Wody w otoczeniu Jaskini Radochowskiej (Góry Złote, Sudety)

Bartłomiej Rzonca, Sebastian Buczyński, Maciej Makarczuk, Tomasz Markiewicz, Krzysztof Okraj, Grzegorz Tytłak


Waters in the surrounding of the Radochowska Cave (Sudety, SW Poland).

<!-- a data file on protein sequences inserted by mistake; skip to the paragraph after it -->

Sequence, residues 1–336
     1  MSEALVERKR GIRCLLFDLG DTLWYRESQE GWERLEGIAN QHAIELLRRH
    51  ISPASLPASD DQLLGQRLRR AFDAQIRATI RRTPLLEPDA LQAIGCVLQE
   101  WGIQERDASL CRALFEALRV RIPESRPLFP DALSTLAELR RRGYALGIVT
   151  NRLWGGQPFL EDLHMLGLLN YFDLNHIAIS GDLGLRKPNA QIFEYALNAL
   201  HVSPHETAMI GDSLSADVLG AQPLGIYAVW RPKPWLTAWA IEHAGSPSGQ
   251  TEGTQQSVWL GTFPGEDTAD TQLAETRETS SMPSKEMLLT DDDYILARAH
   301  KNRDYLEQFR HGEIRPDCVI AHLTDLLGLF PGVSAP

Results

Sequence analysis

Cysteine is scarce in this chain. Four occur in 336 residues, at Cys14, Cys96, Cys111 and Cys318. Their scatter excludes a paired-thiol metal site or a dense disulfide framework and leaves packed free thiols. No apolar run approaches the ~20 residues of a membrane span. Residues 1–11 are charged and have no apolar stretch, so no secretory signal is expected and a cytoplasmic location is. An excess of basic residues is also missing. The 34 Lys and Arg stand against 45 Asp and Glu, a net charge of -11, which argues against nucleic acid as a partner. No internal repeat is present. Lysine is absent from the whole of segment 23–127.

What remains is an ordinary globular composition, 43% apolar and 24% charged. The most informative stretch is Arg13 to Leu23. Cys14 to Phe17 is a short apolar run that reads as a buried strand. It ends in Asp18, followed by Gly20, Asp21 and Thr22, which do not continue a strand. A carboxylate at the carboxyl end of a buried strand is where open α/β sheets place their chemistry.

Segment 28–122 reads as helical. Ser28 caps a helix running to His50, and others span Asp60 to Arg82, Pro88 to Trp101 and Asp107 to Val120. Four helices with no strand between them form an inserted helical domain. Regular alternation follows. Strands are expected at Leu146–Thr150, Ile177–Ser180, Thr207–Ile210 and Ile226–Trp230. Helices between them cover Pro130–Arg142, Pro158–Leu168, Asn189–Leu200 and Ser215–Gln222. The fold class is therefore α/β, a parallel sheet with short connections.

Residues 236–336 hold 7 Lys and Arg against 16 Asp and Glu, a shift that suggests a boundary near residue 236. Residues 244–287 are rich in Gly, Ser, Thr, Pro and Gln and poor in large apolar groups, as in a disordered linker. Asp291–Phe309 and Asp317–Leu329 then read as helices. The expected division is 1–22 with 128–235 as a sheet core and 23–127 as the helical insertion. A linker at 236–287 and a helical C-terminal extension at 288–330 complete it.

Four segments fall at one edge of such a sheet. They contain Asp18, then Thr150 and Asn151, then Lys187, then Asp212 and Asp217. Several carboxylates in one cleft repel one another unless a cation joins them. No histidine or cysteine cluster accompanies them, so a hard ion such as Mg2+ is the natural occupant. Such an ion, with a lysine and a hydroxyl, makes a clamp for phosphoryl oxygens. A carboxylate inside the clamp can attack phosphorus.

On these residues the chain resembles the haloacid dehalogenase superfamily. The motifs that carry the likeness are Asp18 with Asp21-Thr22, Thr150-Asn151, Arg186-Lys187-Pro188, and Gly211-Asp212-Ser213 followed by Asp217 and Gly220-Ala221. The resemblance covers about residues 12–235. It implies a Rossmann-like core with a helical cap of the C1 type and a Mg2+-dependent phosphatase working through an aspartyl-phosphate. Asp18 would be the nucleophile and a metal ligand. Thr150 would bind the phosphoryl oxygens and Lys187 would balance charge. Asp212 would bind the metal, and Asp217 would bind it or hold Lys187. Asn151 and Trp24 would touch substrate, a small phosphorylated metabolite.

S u m m a r y. The presented paper concerns the geochemistry of spring waters in the crystalline mountain region of south-west Poland (fig. 1). The research group has mapped all surface waters existing in the 4 km2 study area. The resulting map (fig. 1) includes springs, wetlands and watercourses. Some points on the map represent entire spring zones (fig. 1: points 5, 11 and 13). The spring waters as well as waters from the Jaskiniec stream (fig. 1: point D ) were sampled and sent for laboratory chemical analysis (results are presented in Table 1). In addition, the waters of Radochowska Cave (fig. 2) were also sampled (at points 20 and 21). The physical, field parameters of the investigated waters were checked in the field. The chemical analyses of the 11 samples (8 spring water samples, 2 consisted of cave water samples and 1 water sample from the Jaskiniec stream) divided our samples to two groups (Table 1). The first group were slightly mineralized (M 100 mg/L) waters, strongly dominated by sulfate anions. Their cation composition showed magnesium and calcium are in similar equivalent concentrations (fig. 3). The waters are slightly acidic (pH 5,55– 6,76). This water type was named the „sulfate waters” (springs 1, 5a, 5b, 13a, 13b i 19). The second group, „bicarbonate waters” were higher mineralized (over 200 mg/L), strongly dominated by bicarbonates and calcium (fig. 3), and with a neutral pH. Waters from the springs 11a and 11b and the sampled cave waters were of this type. The chemical compositions of the investigated sulfate and bicarbonate waters are very different when considering equivalent proportions (fig. 4). However, in terms of absolute values (mg/L), only the calcium and bicarbonates concentrations differentiate the types (Table 1). All the other ions have similar concentrations in both types of waters (including sulfate). As shown in figure 5, the bicarbonate waters of the investigated area are always related to local marble outcrops. We believe that the sulfate waters, acidic and slightly mineralized, migrate down the natural groundwater flow gradient and then penetrate the marble lens. This aggressive water then dissolves the carbonates, and saturates with the products of this solution process: bicarbonates and calcium. The study of the chemical compositions of the spring and cave waters resulted in an understanding of the water circulation system in the entire rock massif. Until now, it was reported that spring waters in hard rocks of the mountainous areas of the Sudety resulted from very shallow and low residence circulating waters. If this were the case, the various waters chemical types would not be representative of the host rock mineralogy.

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